climate change

courtesy of www.tipton.house.gov

Colorado Congressman Scott Tipton (R-District 3) represents one of the largest geographical districts in the country. He sits on the Subcommittee on Mineral and Energy Resources and the Subcommittee on Federal Lands.

The Pitkin County Board of County Commissioners are formally welcoming the Trump children to town with a full page ad in today’s local papers.

Marci Krivonen/Aspen Public Radio

Pitkin County officials are digging deep to learn more about local impacts of climate change.

Courtesy of Wilderness Workshop

Aspen City Council approved requests Monday night to fund two studies that are designed to analyze the risks to the town’s future water supply.

Elizabeth Stewart-Severy/Aspen Public Radio News

Some of Snowmass’ oldest residents recently returned to their old stomping grounds.

The days between Christmas and New Year’s were the busiest in Aspen Skiing Company’s history. Aspen Public Radio’s Carolyn Sackariason spoke with SkiCo president and CEO Mike Kaplan about the numbers and the carrying capacity of town.

Elizabeth Stewart-Severy/Aspen Public Radio News

Without snowmaking to fill in nature’s gaps, the chairlifts wouldn’t be running right now. And as Aspen Skiing Company taps area creeks to make it possible, it’s not without concern that it’s depleting natural resources.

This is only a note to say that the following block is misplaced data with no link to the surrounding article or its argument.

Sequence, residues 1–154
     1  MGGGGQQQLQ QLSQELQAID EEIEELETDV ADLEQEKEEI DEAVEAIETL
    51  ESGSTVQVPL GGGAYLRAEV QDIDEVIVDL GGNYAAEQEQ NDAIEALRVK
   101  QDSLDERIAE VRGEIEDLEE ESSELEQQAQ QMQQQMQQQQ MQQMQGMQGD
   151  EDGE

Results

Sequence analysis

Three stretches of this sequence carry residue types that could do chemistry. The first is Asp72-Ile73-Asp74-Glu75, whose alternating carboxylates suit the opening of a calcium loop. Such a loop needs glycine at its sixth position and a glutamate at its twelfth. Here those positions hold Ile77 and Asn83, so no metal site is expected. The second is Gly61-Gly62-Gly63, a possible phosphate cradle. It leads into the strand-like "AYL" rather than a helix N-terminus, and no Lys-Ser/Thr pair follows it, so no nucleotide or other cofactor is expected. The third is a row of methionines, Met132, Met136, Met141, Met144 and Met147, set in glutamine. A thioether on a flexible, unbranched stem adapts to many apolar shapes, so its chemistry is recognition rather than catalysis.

Courtesy of www.climate-mayors.org

Aspen mayor Steve Skadron is showing that all politics is local, particularly when it comes to climate change. He and many other mayors across the country are hoping the president-elect will listen. Aspen Public Radio’s Elizabeth Stewart-Severy sat down with Skadron last week to discuss the role that local governments will play in protecting the climate under the next administration.

Courtesy of http://m.gulfnews.com

Aspen Mayor Steve Skadron is joining leaders of cities across the United States in signing a letter urging President-elect Donald Trump to take action on climate change.

Marci Krivonen/Aspen Public Radio News

Mayor Steve Skadron is speaking on a panel about green cities in Dubai this week. It is the third major international environmental conference for Skadron since he represented Aspen at the UN climate talks in Paris last December. Skadron has also spoken at events in Taiwan and Seoul, South Korea.

Sloan Shoemaker, Executive Director of Wilderness Workshop, and Will Roush, Conservation Director of Wilderness Workshop, discuss the organization's role in conserving and protecting public lands today and what the future holds. Challenges include overpopulation and climate change, but the Workshop remains optimistic.

Visit www.WildernessWorkshop.org for more information and links to events and membership. 

Renowned tropical ecologist Thomas Lovejoy discusses his half-century of research in the Amazon  basin from the first non-indigenous navigation of the world’s biggest river , to issues of possible die-back today.

Image via bagheera.com

The Aspen Center for Environmental Studies is hosting Dr. Thomas Lovejoy in a lecture this evening focusing on his 30 years of research as a conservation biologist. Lovejoy’s work has earned him the title, “godfather of biodiversity” and experts say his findings are key for understanding global warming.

Elise Thatcher